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Journal Scan

May 2019

A tool for evaluating point-of-care tests

Summarized from Huddy J, Ni M, Misra S et al. Development of the Point of Care Key Evidence Tool (POCKET): a checklist for multi-dimensional evidence generation in point of care tests. 2018 Clin Chem Lab Med. Published online ahead of print 9th Nov 2018. Available at:
One of the most significant developments in laboratory medicine over the past few decades has been application of point-of-care testing (POCT). Technological advance allows an ever-increasing repertoire of in vitro diagnostic and monitoring tests to be performed outside the laboratory, at the patient’s bedside, in the clinic, GP surgery and pharmacy, by non-laboratory clinical staff. Some POCT technologies allow patients themselves to monitor aspects of their health that were once the sole preserve of the clinical laboratory. As the authors of this study observe, “the POCT industry is expanding rapidly, with an estimated 29 % share of the in vitro diagnostic market, worth US $24 billion.” 

Healthcare innovation can be a long and tortuous process for a number of reasons, not least the length of time required to generate the evidence base required to justify the innovation. The complexity of POCT innovation is well conveyed by this recently published UK study. The aim of this study was to develop a ”one stop” comprehensive checklist tool that can be used to fully evaluate novel POCTs and thereby facilitate (reduce) the lead time from feasibility to adoption in healthcare pathway(s).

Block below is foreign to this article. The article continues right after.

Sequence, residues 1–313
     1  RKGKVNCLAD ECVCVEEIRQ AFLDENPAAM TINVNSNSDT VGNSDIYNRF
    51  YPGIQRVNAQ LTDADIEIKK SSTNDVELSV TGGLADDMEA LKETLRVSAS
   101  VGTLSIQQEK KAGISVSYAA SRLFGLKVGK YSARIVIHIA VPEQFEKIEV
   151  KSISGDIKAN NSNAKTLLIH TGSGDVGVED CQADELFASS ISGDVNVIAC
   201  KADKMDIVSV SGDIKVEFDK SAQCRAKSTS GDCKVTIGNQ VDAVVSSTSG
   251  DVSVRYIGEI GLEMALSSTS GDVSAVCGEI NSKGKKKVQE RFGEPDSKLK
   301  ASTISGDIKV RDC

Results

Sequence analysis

The resulting checklist called Point of Care Key Evidence Tool (POCKET) comprises 64 statements for consideration, divided under the following seven themes: 
technical description of the test 
clinical pathway 
patient stakeholders 
economic evidence 
test performance 
usability and training. 

The POCKET checklist was developed by researchers engaging in a Delphi process of structured interviews and questionnaires with 43 representatives of five stakeholder groups: clinicians; laboratorians; research methodologists; in vitro diagnostics industry representatives; and NHS regulators and clinical commissioners. At the close of this Delphi process, experts from each of the stakeholder groups met in workshops to finalize the checklist suggested by the analyzed results of the Delphi process. 

The final consensus POCKET checklist is available on the website of the National Institute for Health Research (NIHR) that sponsored this study. It can be viewed at:    

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Chris Higgins

has a master's degree in medical biochemistry and he has twenty years experience of work in clinical laboratories.

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